Column: Preference For Points
Published: Monday, March 18, 2013
Updated: Monday, March 18, 2013 00:03
Most college students, if they have the will, are going to find a way to drink—whether they’re underage or not. This is true at Boston College, as I’m sure it is at countless schools across the country. Moreover, college drinking is inevitably paired with some method of keeping that drinking in check. At BC we recognize this method as the alcohol matrix, an inconsistent system that focuses more on punishment than on rewarding smart behavior.
Recently, the UGBC Senate unveiled a proposal to update our current alcohol policy, which involves a switch from the existing matrix to a graduated point system. The ultimate goal is to have a system in place that’s both clear and fair. Students should know what to expect from poor conduct, but they should also have the ability to redeem themselves. In a college environment, coming into contact with alcohol is nearly unavoidable, and for this reason, I believe one bad decision should not be punished. We’re at college to learn, and a great deal of our education takes place outside the classroom. An updated alcohol matrix should reflect this reality, and the Senate committee’s proposed changes are a move in the right direction.
As it reads now, the matrix almost encourages students to drink liquor, simply because it’s easier to hide and drink quickly without getting caught. If the matrix differentiated between beer and liquor offenses, more students would likely opt to drink beer, a relatively safer alcohol to consume in reasonable quantities. Additionally, a student’s first violation should not be punished with disciplinary probation, but rather, it should provide an opportunity for education without penalty. I’m not saying that the University should condone underage drinking—I realize why it cannot—but if students felt they even had marginal room for error, I think the habit to binge drink in the secrecy of one’s room would be reversed.
If safer drinking practices are promoted freshman year, these habits will continue through graduation. I’m a huge proponent of positive feedback and rewarding smart decisions, and this is an area where BC’s current alcohol matrix is lacking. One of the committee’s proposals says that students should have an opportunity to “wipe clean” their records, and I wholeheartedly agree. Many students plan to attend graduate, law, and medical school after graduation, and a minor infraction during one’s freshman or sophomore year when they may not have known better should not have to negatively affect the application process. I support the committee’s effort to work with administrators to implement a system for students to appeal to get their records cleared.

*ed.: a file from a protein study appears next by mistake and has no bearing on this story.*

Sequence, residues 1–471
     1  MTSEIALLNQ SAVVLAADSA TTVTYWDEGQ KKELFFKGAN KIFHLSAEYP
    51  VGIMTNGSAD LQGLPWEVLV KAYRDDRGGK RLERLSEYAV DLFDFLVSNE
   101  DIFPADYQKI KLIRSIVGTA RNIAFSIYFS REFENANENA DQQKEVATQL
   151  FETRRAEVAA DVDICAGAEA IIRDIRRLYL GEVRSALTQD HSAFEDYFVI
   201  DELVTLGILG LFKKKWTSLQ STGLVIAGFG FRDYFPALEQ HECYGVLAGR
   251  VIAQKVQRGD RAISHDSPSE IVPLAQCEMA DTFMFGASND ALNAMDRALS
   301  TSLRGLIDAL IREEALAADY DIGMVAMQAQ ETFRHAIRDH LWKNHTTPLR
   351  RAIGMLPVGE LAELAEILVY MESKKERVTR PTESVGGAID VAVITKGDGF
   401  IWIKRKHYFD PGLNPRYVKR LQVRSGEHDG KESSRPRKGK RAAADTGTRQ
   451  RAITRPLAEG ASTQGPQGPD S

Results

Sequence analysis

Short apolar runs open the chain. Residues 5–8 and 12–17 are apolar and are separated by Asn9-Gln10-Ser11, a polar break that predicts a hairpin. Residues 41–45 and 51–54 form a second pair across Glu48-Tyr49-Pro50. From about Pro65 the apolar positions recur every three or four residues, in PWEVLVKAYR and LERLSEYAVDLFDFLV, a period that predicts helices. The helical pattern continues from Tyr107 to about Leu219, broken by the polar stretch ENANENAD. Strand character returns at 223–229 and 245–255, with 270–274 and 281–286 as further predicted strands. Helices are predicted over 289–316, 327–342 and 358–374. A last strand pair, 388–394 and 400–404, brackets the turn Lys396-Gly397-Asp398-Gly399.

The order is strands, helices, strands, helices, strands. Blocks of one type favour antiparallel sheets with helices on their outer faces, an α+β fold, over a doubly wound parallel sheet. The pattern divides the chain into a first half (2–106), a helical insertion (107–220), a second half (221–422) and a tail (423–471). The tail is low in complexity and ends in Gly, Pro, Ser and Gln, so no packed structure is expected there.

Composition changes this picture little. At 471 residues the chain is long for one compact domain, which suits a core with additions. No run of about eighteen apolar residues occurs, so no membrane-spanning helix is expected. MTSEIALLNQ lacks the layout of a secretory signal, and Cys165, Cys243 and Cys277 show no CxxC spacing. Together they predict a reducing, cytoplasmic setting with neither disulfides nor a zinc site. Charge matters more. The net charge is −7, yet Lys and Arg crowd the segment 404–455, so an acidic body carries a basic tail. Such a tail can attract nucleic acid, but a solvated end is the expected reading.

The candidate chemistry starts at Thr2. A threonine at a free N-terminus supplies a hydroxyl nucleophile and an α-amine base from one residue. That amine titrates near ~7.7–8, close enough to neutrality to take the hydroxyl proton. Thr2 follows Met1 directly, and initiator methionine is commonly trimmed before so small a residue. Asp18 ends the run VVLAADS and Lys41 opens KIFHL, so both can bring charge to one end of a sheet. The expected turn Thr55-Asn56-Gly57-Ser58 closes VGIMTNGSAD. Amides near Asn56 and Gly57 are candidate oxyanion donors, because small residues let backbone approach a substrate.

In addition to fostering safer drinking on campus, the proposed changes to the alcohol matrix have the potential to improve resident-RA relationships. By its nature, the existing matrix often drives a wedge between RAs and their residents because students view them as the enemy. In the same vein, students have a tendency to demonize the administration when considering the matrix’s shortcomings. Believe it or not, the administration actually accepts and acknowledges that students drink. They are not naive to the norms of college social life. Nonetheless, it’s their responsibility to create drinking policies that effectively protect our health and well-being. From the student perspective, it’s easy to write off the administration as the bad guy, but in reality, their job is much harder than it appears.
Over the years, I’ve had the opportunity to speak to various administrators about underage and binge drinking on campus, and I can tell you any faults with the current system are not due to their lack of trying. Administrators have to find the perfect balance between cracking down and being too lenient, and the ideal formula differs from year to year. In my opinion, the matrix absolutely needs to change, but we need to change, too. We need to recognize that RAs and administrators are not out to get us—they’re simply trying to provide a safer environment.